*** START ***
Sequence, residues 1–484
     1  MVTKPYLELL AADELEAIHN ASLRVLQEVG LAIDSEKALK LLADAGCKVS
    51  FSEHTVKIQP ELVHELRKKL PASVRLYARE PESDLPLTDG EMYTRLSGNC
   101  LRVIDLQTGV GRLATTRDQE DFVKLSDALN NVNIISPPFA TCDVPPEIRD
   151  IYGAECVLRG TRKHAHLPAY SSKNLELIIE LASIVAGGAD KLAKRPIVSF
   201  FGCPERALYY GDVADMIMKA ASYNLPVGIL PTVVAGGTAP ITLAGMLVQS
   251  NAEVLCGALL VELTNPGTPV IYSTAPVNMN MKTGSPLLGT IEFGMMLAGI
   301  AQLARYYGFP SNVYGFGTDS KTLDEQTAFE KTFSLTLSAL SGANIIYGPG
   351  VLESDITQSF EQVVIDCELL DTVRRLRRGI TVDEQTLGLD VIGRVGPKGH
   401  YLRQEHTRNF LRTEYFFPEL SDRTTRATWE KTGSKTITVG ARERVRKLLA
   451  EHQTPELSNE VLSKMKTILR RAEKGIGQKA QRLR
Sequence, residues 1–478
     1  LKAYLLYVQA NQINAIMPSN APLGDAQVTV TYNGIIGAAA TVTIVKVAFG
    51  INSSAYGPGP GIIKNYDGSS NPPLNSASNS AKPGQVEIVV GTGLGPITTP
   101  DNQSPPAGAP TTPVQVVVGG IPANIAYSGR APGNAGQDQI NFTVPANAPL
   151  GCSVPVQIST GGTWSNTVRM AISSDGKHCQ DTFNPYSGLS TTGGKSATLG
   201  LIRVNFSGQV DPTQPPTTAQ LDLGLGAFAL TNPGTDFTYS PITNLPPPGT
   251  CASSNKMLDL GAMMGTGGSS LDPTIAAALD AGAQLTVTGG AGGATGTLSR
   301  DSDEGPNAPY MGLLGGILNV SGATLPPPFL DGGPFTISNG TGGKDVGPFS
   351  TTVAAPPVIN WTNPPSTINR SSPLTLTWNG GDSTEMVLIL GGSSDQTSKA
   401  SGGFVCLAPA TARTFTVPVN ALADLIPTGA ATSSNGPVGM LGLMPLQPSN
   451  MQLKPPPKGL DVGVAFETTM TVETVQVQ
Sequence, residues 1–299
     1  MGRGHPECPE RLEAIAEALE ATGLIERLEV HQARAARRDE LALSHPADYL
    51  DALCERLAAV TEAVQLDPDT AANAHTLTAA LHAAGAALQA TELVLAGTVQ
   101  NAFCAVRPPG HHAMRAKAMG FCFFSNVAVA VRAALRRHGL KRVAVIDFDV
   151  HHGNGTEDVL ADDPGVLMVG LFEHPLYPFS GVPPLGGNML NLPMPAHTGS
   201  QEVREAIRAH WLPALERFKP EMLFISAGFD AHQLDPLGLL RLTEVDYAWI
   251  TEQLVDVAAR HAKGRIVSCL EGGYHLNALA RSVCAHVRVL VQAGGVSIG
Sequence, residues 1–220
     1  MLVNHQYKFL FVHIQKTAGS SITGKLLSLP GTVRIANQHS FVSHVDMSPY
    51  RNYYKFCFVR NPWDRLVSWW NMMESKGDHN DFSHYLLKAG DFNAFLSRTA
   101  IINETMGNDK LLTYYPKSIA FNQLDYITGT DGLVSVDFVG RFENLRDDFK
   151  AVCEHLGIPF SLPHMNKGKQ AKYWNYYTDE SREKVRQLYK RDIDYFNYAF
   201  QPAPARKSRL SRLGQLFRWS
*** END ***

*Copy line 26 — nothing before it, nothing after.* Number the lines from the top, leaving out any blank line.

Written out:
   101  NAFCAVRPPG HHAMRAKAMG FCFFSNVAVA VRAALRRHGL KRVAVIDFDV